Learn How a Monospot Test is conducted to Diagnose Mononucleosis

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Mononucleosis (mono) is a very common medical complication that affects many people every year. To properly diagnose this condition, there are very simple tests that can be used. One of the tests is the monospot test. This test requires very little preparation. Few risks are associated with this diagnostic tool. There are different forms of this test that can be used.

Monospot Test

This test is a fast technique that can be used by doctors to find heterophil antibodies in the blood. This type of antibody forms when certain infections are present in the body. This test requires a small amount of blood to be placed on a microscope slide, where it is mixed with another substance. The doctors are able to tell if the antibodies are present if the blood begins to clump. Mono can be diagnosed using this diagnostic procedure two to nine weeks after a person has become infected.

Preparation for a Monospot Test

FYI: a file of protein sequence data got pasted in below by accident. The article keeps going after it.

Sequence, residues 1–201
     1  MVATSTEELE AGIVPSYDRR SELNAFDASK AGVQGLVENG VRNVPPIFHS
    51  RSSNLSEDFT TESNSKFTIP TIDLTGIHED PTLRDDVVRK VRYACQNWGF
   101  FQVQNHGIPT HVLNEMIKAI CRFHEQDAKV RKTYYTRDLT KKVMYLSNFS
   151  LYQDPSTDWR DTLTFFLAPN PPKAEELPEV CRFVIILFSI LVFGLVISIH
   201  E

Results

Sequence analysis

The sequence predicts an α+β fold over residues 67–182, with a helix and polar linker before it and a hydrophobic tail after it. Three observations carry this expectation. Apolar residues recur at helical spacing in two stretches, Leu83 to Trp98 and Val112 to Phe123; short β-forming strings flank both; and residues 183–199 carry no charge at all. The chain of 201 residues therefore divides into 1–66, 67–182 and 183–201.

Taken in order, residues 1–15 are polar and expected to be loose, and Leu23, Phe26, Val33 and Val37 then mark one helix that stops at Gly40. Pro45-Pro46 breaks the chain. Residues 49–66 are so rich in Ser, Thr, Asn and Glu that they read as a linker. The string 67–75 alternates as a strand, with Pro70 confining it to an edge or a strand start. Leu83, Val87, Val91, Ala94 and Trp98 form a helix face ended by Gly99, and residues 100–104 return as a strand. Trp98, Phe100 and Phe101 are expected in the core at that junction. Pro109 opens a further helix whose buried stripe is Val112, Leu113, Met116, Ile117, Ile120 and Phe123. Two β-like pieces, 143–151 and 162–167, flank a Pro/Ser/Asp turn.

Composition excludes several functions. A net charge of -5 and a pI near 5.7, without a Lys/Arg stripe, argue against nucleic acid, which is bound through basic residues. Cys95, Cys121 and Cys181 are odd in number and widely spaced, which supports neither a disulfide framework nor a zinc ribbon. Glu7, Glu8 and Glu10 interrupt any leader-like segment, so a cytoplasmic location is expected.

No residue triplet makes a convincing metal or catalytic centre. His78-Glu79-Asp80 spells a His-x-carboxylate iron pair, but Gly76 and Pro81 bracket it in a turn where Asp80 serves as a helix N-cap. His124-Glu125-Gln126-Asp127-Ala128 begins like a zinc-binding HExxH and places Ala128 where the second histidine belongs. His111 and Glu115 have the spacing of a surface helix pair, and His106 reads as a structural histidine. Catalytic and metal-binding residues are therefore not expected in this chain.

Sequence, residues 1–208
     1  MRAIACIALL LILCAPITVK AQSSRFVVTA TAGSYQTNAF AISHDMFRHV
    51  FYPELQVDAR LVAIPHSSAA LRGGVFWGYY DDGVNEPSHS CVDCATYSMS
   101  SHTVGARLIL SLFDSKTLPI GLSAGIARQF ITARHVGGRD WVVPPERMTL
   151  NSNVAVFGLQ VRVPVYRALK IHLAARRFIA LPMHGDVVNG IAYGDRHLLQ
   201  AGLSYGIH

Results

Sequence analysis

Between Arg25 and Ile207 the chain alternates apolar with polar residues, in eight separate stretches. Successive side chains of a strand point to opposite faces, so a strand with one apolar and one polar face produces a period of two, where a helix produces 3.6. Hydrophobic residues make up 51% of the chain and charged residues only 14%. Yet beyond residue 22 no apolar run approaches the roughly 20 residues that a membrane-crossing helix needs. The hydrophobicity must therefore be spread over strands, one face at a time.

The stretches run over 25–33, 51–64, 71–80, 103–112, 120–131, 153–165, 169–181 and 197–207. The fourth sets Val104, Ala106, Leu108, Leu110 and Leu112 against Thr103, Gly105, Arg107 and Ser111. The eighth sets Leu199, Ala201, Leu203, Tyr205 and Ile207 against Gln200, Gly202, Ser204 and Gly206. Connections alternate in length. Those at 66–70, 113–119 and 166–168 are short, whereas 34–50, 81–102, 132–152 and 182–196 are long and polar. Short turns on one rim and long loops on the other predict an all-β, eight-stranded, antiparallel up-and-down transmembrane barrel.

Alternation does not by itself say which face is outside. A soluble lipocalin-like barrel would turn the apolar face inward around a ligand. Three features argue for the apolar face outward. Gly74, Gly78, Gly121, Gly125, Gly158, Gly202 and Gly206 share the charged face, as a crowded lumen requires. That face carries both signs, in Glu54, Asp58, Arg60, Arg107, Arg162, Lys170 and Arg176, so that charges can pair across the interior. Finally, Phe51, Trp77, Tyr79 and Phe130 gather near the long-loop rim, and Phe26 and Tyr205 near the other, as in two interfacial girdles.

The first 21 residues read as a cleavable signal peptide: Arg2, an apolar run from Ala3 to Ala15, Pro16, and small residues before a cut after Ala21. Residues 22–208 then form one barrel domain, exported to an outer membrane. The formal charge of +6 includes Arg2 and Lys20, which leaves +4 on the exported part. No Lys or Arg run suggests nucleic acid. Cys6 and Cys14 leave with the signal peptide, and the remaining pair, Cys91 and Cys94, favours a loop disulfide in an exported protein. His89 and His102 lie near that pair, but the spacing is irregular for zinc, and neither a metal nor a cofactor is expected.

Testing for mono requires no special preparation steps. A doctor will discuss the aspects of the test and ask if there are any questions or concerns about the procedure. The possible outcome of the test results will be explained fully.

The Monospot Test Procedure

This test for mono can be done one of two ways. A blood sample can either be taken from the fingertip or from a vein. When the fingertip is used to obtain a blood sample, your hands will be washed with either warm water and soap or alcohol. The hands will gently be massaged before the blood sample is taken. Using the middle finger or the ring finger, the fingertip will be punctured with a small hole using a lancet. The first drops of blood that are emitted from the puncture hole will not be used. The blood that follows will be collected into a small tube. The puncture hole is then cleaned and covered with a bandage.

The second form of this test it to collect blood from a vein. To perform this test, an elastic band will be placed around the upper arm. This is done to stop the blood flow to that area. The vein then becomes larger and easier to work with. The site that will be used for the injection will be cleaned with alcohol. A needle will be inserted into the vein to collect a blood sample. Once the blood is collected into a tube, the site will be cleaned and bandaged.

Risks of the Test

Both testing techniques have few risks associated with them. A bruise may occur at the puncture sites but will go away in a few days. Very rarely, the vein can become swollen. People with bleeding disorders may have trouble stopping the bleeding.


“Mononucleosis Tests” December 20, 2007 www.WebMD.com

“Mononucleosis” June 28, 2008 www.mayoclinic.com